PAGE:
The Development of Conceptions of Personal Autonomy, Rights, and Democracy, and Their Relation to Psychological Well-Being

  • Charles C. Helwig
  • Justin McNeil
Part of the Cross-Cultural Advancements in Positive Psychology book series (CAPP, volume 1)


Children in a variety of cultural contexts have been shown to develop concerns with personal autonomy and rights, and these conceptions not only place limits on the forms of social organization seen as legitimate but also have relevance for children’s psychological well-being, consistent with self-determination theory. Although many current psychological theories relegate freedoms, rights, and democracy to products of Western intellectual traditions or cultural settings, a body of new and emerging psychological evidence, conducted in a variety of cultural settings, both Eastern and Western, and from a variety of theoretical perspectives, including self-determination theory, suggests otherwise. Areas of personal jurisdiction, choice, and participation are claimed by children and adolescents themselves as they develop explicit conceptions of their own autonomy and reflect on the different types of social rules and structures that they experience in their daily lives. These conceptions of autonomy and democracy have been shown to have functional significance for the realization of individuals’ psychological well-being in diverse cultural settings.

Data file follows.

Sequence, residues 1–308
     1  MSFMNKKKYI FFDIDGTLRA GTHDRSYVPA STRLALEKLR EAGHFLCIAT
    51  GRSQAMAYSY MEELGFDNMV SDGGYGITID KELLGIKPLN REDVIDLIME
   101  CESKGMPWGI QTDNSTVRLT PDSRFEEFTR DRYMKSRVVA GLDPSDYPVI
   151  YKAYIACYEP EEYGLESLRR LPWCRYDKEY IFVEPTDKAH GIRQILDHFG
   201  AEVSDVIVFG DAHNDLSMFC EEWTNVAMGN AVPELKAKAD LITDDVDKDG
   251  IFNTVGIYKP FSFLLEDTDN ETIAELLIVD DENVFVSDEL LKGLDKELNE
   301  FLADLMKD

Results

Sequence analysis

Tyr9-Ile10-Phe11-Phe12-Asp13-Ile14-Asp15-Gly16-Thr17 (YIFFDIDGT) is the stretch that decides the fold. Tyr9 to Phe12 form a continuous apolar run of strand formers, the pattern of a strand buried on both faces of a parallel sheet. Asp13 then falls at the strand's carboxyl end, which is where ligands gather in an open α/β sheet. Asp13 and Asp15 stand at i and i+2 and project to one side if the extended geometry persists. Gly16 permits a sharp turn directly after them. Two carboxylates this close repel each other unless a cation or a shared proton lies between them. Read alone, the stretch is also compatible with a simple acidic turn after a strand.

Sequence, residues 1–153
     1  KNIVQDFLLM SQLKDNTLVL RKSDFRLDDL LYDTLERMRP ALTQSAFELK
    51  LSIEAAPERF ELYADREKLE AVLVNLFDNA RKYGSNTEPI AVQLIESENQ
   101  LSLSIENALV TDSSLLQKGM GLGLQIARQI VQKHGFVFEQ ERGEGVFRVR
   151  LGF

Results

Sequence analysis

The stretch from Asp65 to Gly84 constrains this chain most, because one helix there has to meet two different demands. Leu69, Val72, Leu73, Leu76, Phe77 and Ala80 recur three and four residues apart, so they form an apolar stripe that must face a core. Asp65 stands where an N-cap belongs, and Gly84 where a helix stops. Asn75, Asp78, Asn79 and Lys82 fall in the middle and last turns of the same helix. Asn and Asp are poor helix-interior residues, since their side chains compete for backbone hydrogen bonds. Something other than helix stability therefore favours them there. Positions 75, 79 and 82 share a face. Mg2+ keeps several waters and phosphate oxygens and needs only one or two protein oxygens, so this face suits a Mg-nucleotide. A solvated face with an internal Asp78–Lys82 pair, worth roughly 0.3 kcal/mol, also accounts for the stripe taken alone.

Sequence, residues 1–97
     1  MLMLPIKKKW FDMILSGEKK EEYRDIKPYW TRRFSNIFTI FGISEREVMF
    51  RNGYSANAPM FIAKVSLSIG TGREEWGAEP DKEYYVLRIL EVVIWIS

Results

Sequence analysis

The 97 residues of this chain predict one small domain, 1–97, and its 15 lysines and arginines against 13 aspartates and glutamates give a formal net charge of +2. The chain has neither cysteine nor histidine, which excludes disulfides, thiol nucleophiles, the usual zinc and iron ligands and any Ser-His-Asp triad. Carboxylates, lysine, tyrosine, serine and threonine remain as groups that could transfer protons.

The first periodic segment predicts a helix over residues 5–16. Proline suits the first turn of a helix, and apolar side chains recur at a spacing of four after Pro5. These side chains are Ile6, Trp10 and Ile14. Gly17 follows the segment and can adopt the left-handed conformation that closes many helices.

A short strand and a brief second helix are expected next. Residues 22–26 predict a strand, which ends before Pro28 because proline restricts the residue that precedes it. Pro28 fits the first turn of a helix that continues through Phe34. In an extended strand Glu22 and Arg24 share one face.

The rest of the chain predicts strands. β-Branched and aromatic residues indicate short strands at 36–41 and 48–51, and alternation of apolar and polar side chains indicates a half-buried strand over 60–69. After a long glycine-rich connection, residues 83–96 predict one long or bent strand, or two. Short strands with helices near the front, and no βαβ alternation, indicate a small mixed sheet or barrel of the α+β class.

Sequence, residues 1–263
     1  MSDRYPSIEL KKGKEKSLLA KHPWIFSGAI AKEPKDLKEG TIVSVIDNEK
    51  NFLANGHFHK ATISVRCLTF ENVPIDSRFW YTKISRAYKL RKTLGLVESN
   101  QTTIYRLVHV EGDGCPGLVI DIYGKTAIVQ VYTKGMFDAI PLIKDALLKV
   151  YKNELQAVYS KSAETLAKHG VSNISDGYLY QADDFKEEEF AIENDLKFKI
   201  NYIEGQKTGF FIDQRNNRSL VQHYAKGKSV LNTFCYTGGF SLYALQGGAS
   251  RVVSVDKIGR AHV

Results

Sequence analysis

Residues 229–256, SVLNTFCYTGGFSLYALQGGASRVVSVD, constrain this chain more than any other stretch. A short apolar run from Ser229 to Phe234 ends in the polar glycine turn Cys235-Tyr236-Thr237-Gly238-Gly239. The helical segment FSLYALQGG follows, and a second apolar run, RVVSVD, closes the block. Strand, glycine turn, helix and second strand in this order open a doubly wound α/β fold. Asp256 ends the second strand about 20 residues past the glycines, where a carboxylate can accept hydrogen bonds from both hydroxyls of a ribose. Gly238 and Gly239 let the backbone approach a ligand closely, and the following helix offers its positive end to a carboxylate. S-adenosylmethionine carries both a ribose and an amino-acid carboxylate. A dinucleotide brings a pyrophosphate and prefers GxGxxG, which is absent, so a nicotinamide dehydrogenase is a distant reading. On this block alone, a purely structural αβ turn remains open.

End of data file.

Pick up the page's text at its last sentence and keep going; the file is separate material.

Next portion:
School Climate Cultural Setting Personal Autonomy Personal Choice Chinese Adolescent 
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Copyright information

© Springer Science+Business Media B.V. 2011

Authors and Affiliations

  1. 1.Department of PsychologyUniversity of TorontoTorontoCanada

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